Diarmaid Ferriter’s new history of the Irish Civil War seeks to get at the human experience and day-to-day texture of the war and its aftermath. In Between Two Hells, combat itself is skimmed over quickly. Other books have dealt with the strictly military side of things, but Ferriter has other interests. He has delved into the primary sources and found out what people thought and how people felt about the war, how they experienced military life, internment, hunger strikes, etc.
The first half of the book follows the course of the Civil War from its origins in the Treaty to the ‘dump arms’ order given by the Republican leadership less than a year after hostilities began. The second half of the book deals with the war’s legacy right up until today. The book is heavy on personal stories and experiences, all in the framework of an engaging narrative.
The book doesn’t pull its punches on the Republican side – they funded their cause through hundreds of robberies even before the war broke out; the leaders were long on incoherent romanticism, short on plans; some of the rank-and-file committed terrible atrocities.
But it’s the emerging Free State government who come across as despicable. Their army was ill-disciplined and drunk. O’Daly, the commander of the force which committed the Ballyseedy massacre, was also responsible for other atrocities. After the war he lived out his life in prosperity and comfort. The Free State government kept up a barrage of sexist insults against women Republican activists and rejected any possibility of a peace treaty.
‘If we have to exterminate ten thousand Republicans,’ declared Cosgrave, ‘the three millions of our people is bigger than this ten thousand.’ The mathematics are beyond reproach, but the grammar leaves something to be desired, and the ethics are bankrupt. Needless to say, at no point were ‘the three millions’ in danger of extermination at the hands of Eamon De Valera.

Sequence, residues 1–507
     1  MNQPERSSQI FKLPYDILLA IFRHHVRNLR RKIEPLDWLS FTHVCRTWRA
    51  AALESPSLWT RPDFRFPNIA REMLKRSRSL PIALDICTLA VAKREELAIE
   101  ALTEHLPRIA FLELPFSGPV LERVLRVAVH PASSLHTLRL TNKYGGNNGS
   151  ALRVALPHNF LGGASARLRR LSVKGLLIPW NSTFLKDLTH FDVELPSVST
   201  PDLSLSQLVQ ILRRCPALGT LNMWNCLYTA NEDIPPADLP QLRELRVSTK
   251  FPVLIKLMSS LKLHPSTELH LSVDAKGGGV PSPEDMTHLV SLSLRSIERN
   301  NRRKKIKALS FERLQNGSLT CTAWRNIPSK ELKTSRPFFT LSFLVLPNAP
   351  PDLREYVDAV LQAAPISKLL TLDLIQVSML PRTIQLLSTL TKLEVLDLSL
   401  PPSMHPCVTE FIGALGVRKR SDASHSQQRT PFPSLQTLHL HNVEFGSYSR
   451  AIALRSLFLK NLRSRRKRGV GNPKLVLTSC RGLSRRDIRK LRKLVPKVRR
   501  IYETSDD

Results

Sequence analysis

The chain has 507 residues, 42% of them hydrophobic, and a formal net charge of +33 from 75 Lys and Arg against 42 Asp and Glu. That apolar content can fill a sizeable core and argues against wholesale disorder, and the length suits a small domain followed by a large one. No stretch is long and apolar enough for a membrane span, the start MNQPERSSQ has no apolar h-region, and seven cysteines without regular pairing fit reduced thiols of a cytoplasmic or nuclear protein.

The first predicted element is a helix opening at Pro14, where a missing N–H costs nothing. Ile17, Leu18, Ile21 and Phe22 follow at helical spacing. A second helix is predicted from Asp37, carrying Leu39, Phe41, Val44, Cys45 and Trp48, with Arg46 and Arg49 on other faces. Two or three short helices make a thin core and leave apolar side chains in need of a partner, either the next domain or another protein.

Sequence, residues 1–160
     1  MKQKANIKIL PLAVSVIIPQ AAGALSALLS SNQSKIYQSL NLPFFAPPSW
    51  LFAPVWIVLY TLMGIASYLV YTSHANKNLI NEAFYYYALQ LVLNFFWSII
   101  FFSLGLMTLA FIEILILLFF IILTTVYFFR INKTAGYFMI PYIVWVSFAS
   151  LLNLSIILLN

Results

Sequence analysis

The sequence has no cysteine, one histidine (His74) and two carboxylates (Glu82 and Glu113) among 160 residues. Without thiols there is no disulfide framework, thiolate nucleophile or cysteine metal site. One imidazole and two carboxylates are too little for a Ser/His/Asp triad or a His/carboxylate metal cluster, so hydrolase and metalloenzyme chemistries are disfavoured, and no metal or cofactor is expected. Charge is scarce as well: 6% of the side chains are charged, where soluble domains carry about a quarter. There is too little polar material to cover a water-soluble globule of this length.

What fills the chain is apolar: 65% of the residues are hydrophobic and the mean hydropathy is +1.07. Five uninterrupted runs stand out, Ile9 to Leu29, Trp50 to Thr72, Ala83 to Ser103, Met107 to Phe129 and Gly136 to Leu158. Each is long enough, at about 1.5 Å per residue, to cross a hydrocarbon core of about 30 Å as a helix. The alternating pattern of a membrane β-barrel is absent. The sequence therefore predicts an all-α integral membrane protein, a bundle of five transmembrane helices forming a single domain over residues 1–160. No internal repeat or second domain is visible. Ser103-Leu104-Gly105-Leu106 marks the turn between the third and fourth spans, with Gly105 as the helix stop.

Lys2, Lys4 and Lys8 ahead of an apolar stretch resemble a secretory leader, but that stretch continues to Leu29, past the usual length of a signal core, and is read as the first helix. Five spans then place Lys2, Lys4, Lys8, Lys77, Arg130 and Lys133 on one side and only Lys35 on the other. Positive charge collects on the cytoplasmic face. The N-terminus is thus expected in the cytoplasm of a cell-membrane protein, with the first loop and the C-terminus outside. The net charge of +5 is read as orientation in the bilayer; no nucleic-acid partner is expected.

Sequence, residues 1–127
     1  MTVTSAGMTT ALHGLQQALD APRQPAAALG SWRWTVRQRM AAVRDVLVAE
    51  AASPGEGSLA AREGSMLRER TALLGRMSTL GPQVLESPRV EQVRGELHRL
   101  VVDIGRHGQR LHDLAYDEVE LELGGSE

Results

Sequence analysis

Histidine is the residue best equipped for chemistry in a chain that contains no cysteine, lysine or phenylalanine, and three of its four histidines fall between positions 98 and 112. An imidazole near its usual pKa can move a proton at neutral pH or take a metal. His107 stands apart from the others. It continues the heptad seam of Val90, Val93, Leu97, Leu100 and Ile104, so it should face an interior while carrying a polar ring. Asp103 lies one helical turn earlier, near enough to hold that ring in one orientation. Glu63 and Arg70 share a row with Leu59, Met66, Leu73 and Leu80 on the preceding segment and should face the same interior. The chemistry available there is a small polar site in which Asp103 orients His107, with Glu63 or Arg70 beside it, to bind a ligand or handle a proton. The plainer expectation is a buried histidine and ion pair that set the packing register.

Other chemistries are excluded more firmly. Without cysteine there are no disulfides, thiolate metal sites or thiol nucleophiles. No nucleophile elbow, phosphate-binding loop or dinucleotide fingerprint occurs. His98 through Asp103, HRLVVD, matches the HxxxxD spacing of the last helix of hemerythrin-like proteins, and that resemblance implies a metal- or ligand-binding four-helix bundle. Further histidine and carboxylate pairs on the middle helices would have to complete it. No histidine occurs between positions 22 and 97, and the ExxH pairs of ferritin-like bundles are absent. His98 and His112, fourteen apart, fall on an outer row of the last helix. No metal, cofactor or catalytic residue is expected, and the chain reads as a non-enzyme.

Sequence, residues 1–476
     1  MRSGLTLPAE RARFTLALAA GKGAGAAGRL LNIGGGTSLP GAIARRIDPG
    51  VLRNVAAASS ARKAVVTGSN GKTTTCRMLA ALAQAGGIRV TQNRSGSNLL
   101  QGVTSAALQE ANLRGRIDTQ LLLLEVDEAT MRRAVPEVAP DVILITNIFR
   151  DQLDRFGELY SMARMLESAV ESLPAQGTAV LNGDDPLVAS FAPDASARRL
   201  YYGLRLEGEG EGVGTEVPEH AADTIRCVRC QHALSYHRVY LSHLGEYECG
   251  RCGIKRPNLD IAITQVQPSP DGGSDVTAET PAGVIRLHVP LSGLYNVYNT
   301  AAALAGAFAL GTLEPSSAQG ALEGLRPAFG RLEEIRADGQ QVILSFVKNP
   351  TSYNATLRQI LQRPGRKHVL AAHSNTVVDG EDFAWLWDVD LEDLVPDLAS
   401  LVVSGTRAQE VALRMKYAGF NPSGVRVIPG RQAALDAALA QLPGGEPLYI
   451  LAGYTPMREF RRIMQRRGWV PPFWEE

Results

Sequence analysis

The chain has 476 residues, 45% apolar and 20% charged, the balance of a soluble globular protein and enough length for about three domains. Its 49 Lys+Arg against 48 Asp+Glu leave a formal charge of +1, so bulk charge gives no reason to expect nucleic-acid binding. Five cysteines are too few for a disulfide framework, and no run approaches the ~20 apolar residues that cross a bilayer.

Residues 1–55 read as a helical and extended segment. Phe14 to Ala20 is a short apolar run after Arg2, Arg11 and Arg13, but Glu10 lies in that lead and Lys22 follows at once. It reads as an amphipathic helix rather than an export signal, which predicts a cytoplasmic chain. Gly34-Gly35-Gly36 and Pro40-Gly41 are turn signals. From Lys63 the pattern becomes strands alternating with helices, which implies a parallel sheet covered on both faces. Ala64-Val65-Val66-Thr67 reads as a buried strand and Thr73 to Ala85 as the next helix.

The total fatalities of the war were closer to one than to ten thousand – maybe 1500 in all. Ferriter acknowledges that compared to the Finnish Civil War, we got off lightly (36,000 killed in just 5 months in a population similar in size to that of Ireland). But the three millions, who had exhibited such revolutionary energy in the years 1913-1923, were demoralised, even crushed, and left with deep scars.
The pension archives have proved to be a gold mine for historians and that is reflected in this book. The applications have revealed a wealth of personal stories, often tragic and harrowing. 82,000 people made applications for pensions for their military service during the revolutionary period. By 1960 only 18,000 had received a pension, and many claimed that the pensions went to those who had connections, not necessarily those who had risked their lives.
While there are many fascinating stories and valuable insights in the second half of the book, it has less momentum than the first half. It appears to be part of a trend of focusing on how history has been commemorated as opposed to the events themselves. Readers might expect a single chapter, not a whole half of the book, to be devoted to the war’s legacy.
Ferriter has done a great job of tracing the subsequent histories of many participants in the war and their families – from the ‘big names’ to obscure individuals maimed, traumatised or killed. That’s where the pensions archive in particular comes into its own. In places the toll of trauma and misery becomes relentless, with an element of repetition, and pointing toward no clear conclusion. But this is no doubt a feature rather than a bug – the author wants to hammer home a phenomenon that’s been overlooked. When we talk about war, we don’t think about the soldier who spent a night searching in a river for the body of his dead friend and ended up contracting a life-long illness. We don’t know about the 80-100 veterans of the Free State army who could be found sleeping rough in the Phoenix Park on an ordinary night in 1925. It’s not heroic or edifying but it’s true.